Global warming to increase heat, decrease productivity in SE Asia - report

by Alisa Tang | @alisatang | Thomson Reuters Foundation
Wednesday, 28 October 2015 00:01 GMT

A worker cooks soybeans at a tofu factory in Jakarta August 22, 2013. REUTERS/Beawiharta

Image Caption and Rights Information
45 of 50 highest risk cities for lost productivity due to heat stress are in Southeast Asia

BANGKOK, Oct 28 (Thomson Reuters Foundation) - Rising temperatures and humidity due to climate change are likely to increase the number of days with unsafe "heat stress," putting Southeast Asia at great risk of significant drops in productivity, a research firm said on Wednesday.

Southeast Asia over the next three decades could lose 16 percent of its labour capacity due to rising heat stress, which could cause absenteeism due to dizziness, fatigue, nausea and even death in extreme cases, the British firm Verisk Maplecroft said.

The company predicted the biggest losses in productivity in Singapore and Malaysia, with 25 percent and 24 percent decreases from current levels. Indonesia could see a 21 percent drop, Cambodia and the Philippines 16 percent and Thailand and Vietnam 12 percent.

"Climate change will push heat stress impacts to boiling point with significant implications for both national economies and the health of vulnerable workers," said James Allan, head of environment at Verisk Maplecroft, in a statement.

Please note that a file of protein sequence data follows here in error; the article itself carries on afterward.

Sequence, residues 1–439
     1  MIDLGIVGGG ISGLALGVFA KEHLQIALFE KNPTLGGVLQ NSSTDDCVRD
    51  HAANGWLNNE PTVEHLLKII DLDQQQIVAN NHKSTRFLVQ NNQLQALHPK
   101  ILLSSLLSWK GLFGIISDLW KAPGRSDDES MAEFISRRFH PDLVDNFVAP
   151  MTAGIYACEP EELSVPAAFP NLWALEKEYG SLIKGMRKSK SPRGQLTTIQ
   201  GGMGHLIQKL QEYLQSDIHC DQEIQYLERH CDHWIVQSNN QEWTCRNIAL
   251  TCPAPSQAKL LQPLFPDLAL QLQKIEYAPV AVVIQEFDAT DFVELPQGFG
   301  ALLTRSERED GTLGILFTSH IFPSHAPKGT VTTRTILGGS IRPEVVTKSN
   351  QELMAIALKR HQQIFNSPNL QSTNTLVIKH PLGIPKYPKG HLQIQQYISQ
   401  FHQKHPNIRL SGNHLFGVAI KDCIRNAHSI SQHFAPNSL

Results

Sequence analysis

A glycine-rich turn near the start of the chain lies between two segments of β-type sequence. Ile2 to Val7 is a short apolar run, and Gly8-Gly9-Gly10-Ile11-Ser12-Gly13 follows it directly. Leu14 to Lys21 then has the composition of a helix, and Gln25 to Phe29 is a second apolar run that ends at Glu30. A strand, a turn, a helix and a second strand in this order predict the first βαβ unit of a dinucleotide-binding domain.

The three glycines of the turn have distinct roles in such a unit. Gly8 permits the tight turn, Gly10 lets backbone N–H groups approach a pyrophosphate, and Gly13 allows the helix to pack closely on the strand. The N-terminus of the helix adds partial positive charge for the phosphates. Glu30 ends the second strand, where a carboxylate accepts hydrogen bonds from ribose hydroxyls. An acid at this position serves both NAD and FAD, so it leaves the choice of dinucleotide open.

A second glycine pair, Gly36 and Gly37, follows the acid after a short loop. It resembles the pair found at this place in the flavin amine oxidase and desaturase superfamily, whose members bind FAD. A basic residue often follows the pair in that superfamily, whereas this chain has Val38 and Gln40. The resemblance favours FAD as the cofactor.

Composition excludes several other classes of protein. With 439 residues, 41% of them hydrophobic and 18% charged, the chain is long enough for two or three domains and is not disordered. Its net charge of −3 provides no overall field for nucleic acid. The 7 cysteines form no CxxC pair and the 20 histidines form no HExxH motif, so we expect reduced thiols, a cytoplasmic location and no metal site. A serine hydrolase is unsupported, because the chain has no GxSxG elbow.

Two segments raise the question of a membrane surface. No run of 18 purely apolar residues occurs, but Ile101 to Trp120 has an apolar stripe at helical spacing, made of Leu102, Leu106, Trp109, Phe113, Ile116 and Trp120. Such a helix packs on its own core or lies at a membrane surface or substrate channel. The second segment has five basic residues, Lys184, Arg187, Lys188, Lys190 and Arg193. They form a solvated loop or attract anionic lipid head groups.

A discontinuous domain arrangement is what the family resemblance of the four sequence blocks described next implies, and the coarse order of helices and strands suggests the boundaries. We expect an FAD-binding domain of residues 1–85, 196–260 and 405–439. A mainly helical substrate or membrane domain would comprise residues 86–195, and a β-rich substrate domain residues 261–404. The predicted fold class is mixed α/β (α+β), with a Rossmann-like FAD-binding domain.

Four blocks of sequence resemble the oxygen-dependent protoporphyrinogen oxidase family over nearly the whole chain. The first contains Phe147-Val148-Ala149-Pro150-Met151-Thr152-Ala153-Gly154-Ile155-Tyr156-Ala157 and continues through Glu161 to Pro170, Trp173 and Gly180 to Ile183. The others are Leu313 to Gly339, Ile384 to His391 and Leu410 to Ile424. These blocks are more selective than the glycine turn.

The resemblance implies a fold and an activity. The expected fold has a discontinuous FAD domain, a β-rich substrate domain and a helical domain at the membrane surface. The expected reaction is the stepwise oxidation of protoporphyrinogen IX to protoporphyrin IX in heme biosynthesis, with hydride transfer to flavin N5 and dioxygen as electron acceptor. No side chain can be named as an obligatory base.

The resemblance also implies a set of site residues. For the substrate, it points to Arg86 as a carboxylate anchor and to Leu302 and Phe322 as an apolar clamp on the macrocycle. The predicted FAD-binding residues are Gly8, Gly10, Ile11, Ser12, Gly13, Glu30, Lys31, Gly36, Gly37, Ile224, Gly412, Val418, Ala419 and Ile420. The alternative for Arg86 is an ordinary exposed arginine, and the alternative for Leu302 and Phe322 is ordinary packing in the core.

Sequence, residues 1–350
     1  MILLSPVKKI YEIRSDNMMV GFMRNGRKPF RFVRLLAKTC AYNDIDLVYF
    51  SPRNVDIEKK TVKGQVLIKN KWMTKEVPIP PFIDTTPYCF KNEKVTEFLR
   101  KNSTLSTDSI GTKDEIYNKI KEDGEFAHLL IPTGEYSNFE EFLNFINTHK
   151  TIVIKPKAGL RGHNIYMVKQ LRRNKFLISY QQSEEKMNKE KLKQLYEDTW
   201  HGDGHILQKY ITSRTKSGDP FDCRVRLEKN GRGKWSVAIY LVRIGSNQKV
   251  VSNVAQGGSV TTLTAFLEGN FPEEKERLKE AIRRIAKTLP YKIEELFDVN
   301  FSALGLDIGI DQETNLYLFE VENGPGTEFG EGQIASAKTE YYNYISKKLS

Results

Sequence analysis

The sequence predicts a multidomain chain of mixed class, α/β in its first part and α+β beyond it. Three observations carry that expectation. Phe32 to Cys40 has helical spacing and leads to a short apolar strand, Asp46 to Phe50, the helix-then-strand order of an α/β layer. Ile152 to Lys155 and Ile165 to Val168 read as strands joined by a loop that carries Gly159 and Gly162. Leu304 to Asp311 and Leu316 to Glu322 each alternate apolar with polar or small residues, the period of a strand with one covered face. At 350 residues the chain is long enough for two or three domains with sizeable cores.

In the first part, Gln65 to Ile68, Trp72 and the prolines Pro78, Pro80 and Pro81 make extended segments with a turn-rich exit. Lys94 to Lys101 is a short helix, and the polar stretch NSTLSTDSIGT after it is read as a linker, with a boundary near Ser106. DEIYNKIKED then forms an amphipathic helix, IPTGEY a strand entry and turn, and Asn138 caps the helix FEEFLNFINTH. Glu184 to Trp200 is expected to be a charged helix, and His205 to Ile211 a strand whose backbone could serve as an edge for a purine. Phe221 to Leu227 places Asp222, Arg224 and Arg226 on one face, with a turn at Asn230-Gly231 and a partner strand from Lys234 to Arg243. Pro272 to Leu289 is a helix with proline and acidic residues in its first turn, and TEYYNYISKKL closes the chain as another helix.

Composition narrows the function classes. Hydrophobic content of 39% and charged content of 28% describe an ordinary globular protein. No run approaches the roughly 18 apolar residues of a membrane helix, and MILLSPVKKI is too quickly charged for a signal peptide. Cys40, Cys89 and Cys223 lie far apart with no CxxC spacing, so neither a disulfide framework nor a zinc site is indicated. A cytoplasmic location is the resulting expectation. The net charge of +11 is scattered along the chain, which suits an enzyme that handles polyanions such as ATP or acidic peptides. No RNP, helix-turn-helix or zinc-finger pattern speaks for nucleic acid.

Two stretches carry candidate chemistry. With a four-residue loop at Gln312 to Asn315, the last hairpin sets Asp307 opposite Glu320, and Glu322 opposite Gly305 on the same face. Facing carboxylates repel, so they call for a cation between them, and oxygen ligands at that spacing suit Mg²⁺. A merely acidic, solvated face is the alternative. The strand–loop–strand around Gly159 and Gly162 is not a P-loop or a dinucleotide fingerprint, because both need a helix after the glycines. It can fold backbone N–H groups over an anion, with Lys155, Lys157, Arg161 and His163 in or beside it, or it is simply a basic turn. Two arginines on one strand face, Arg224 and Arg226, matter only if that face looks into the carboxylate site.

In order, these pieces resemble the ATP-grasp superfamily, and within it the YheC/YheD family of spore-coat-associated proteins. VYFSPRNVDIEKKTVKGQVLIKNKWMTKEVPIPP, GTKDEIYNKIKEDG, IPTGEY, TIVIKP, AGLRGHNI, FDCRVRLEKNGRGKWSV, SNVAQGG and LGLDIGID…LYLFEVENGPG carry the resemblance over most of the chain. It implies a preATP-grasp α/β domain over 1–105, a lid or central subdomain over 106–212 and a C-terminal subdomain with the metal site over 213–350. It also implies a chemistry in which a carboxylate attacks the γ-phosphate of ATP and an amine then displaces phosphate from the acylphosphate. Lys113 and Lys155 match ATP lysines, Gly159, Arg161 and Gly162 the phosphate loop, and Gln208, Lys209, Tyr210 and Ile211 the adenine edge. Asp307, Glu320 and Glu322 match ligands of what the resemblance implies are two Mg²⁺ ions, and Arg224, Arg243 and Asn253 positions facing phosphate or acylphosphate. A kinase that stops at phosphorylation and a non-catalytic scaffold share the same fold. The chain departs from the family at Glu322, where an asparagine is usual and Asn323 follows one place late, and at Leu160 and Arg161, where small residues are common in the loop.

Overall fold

The company used climate projections to calculate the drop in labour capacity, based on the occurrence of conditions that prompt heat stress and leave workers unable to perform physical activity.

It said by 2045 the number of heat stress days in Singapore and Malaysia will rise to 364 (from 335 and 338 respectively); to 355 from 303 in Indonesia; and to 337 from 276 in the Philippines.

Calculating potential lost productivity for 1,300 cities, the company found 45 of the 50 highest risk cities were in Southeast Asia, including Kuala Lumpur, Singapore and Jakarta.

Twenty of the 50 highest risk cities are in Malaysia, 13 in Indonesia, four in the Philippines and three are in Thailand.

High-risk cities outside the region included Cartagena, at the top of the list, and Barranquilla in Colombia, Panama City and Arraijan in Panama, and Manaus in Brazil.

(Reporting by Alisa Tang, editing by Ellen Wulfhorst. Please credit the Thomson Reuters Foundation, the charitable arm of Thomson Reuters, that covers humanitarian news, women's rights, corruption and climate change. Visit www.trust.org)

Our Standards: The Thomson Reuters Trust Principles.